There’s No “I” in Team: Finding the “We” in Diabetes Management

Since the initial learning curve, I have been the foremost expert on my own diabetes. I’m very comfortable looking at the data from my diabetes devices, noticing patterns (with or without a download!), making changes to my basal rates, insulin:carb ratios, and correction factors, then doing the necessary paying-attention to see how those changes are working to solve the issue.

My last endo practice has been in upheaval for several years and closed at the end of 2014. The last CDE I worked with there left the practice at least 5 years ago and so it’s been about that long since I worked with an educator. My last endo would review downloads with me and ask me if I wanted to change anything, but she was pretty laid back and happy to let me steer. In fact, her laid-back approach certainly enabled my increasing patterns of hypoglycemia. She would say, we don’t really know – for some people a blood sugar of 60 might be perfectly normal. This both sounded strange to me (never having heard any endocrinologist, CDE, or PWD say that hypoglycemia was still up for debate), and fit my inclinations to run low rather than run high (as if those are the only two choices!) so I didn’t challenge it. She just wasn’t that interested… I was managing more capably than a lot of her other patients so I must be fine.

Cut to the present. New endo practice and I saw the endocrinologist last October. I liked her approach, her attention to detail, and the time she took to ask me questions and actually listen to my answers. We looked over my downloads and made a couple of small changes. She clearly was picking up on my hesitation to do anything that would cause highs – or even make me fear that we would be causing highs – and when she suggested a change, asked me if that was something I could feel good about or if we should negotiate it.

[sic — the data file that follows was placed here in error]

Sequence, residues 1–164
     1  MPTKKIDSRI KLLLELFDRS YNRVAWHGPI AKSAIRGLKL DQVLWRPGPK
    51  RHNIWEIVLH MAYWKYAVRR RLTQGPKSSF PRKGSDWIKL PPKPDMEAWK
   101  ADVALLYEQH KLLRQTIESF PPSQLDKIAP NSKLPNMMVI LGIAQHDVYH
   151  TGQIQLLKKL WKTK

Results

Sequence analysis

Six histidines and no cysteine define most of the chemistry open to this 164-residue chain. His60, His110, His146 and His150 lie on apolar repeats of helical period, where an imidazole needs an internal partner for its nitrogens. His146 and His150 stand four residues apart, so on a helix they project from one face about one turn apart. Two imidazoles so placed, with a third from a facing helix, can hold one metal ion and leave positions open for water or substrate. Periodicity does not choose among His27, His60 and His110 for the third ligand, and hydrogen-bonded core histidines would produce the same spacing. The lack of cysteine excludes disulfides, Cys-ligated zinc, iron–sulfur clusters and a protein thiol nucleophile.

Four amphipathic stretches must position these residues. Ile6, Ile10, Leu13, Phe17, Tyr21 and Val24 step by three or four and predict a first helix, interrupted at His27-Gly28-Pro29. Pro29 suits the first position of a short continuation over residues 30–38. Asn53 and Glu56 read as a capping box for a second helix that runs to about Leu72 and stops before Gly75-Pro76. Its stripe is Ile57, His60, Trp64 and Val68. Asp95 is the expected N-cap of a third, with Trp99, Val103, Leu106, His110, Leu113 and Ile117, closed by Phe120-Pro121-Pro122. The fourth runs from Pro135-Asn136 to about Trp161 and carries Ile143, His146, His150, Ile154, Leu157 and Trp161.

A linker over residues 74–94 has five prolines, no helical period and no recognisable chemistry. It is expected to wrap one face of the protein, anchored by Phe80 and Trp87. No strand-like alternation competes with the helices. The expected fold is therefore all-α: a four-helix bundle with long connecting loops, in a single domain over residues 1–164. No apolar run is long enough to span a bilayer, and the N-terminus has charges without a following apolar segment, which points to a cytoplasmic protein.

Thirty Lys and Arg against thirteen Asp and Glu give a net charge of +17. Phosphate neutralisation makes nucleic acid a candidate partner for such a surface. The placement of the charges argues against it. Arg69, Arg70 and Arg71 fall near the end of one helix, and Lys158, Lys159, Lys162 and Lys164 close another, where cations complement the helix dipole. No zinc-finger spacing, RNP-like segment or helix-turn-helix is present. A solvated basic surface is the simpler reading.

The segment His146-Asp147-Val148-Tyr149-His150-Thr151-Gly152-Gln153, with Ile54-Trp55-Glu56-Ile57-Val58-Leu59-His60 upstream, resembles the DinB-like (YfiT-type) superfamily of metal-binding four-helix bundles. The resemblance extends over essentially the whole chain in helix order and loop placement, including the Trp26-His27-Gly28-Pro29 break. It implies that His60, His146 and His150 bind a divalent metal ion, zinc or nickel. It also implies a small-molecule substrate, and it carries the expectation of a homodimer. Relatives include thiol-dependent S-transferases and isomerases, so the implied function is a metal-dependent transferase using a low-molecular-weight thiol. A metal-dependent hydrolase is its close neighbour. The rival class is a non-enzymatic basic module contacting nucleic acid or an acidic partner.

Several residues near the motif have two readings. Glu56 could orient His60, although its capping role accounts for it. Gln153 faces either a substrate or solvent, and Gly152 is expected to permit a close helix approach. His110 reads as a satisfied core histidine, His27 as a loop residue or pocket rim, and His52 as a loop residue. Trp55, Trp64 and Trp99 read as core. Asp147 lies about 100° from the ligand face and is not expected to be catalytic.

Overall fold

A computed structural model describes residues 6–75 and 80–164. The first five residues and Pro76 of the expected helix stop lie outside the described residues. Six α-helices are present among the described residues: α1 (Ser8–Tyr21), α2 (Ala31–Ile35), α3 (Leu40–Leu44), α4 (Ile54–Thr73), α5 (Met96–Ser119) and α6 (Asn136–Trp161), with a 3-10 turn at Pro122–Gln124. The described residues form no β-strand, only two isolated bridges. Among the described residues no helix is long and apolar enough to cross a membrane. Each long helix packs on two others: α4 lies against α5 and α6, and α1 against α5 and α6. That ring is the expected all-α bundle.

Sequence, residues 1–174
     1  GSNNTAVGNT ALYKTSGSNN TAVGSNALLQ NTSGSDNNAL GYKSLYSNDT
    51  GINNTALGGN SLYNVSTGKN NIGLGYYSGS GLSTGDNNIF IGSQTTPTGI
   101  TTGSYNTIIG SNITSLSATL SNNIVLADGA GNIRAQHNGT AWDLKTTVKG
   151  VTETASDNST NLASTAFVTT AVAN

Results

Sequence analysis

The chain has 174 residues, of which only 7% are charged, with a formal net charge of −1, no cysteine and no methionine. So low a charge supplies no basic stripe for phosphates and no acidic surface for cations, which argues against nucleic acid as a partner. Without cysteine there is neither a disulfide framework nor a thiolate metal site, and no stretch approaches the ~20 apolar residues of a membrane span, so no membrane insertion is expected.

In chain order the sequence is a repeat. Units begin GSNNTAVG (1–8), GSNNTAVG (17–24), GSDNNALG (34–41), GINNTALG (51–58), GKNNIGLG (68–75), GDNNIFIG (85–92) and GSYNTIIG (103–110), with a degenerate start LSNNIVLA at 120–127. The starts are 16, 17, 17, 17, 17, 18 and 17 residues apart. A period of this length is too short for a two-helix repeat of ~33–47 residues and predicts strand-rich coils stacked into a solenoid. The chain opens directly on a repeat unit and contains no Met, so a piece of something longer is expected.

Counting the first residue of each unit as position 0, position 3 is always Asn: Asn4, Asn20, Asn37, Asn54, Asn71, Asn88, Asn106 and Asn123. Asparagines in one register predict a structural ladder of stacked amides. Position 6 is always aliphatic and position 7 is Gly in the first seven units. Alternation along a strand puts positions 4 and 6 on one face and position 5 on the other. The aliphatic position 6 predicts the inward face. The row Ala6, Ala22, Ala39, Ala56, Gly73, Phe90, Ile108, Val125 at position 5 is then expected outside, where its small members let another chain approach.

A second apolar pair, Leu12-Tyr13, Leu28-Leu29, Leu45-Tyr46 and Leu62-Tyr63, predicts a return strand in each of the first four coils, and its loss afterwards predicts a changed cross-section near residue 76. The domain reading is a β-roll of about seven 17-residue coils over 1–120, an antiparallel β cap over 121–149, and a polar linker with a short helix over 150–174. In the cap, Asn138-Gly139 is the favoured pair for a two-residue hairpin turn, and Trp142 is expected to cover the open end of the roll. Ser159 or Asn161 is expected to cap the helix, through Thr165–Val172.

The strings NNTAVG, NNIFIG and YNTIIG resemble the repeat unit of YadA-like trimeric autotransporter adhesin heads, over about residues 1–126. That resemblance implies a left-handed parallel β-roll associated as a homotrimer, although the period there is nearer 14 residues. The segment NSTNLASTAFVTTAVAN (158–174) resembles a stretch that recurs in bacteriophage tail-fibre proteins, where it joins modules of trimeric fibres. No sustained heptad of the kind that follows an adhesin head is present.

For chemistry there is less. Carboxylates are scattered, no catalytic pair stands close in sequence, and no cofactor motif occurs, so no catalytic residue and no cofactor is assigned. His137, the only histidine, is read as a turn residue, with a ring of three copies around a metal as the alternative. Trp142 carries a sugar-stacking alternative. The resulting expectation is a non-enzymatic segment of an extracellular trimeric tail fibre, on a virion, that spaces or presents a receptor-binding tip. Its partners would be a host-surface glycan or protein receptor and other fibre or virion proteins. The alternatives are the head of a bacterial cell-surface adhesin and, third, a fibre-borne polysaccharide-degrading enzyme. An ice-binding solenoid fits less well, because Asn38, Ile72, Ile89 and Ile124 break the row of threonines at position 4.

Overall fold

3 months later (this week), I went to see the APRN. [I thought I was going to see a CDE, but I had misunderstood] I liked her too. Also found her to be an attentive and perceptive listener. We spent much more time looking at downloaded data and really talking about how the standard calculations compared to my actual settings, where the gap between them seemed to be lining up with patterns of low bgs, and where certain aspects of my settings (time spent in one basal rate setting for example) might actually be working against what I was trying to achieve. We ended up changing all of my insulin to carb ratios and simplifying my basal rate profile (from 8 time periods to 4 or 5). That’s a lot of changes based on a provider’s recommendations for me. It has been a long time since I trusted what a provider was suggesting as far as settings go. She also came up with a genius suggestion for the alert settings on my CGM that have been causing real problems overnight. A totally simple, sensible suggestion and one I never thought of even though what I have been doing is no less effort/work with poor results.

Long story, short: This appointment was a great reminder for me that even though I know my own diabetes/body better than anyone, that doesn’t mean that a fresh set of eyes/perspective, along with training, education, experience, can’t help me find solutions that I haven’t found on my own.

The past two days have already had fewer low bgs. And, I just changed 2 of my i:c ratios tonight because I can see that the changes we made weren’t quite enough. If the APRN had suggested the bigger change at the appointment I know I would have balked. But starting out with a small change helped me to see some success and helped me trust that we are heading in the right direction.

It’s nice to be able to say “we” in relation to diabetes management again.

This entry was posted in Balance, Endocrinologist, Hypoglycemia Unawareness, Living with Diabetes, Pump Management. Bookmark the permalink.

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